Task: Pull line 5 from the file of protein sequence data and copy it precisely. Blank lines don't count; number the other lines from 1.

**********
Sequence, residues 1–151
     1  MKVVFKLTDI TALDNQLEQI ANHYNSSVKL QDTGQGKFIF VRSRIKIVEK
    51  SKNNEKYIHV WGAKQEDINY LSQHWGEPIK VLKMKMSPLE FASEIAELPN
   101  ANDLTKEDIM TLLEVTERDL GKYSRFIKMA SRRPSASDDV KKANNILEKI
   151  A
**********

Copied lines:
   151  A